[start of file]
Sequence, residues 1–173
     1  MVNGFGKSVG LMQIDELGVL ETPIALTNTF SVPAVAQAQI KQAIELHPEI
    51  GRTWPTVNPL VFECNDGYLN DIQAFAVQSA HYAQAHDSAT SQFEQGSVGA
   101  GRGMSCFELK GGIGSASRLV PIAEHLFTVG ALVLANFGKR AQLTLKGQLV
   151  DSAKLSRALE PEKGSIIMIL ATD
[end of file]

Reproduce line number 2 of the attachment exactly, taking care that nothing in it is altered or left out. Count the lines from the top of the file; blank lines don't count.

     1  MVNGFGKSVG LMQIDELGVL ETPIALTNTF SVPAVAQAQI KQAIELHPEI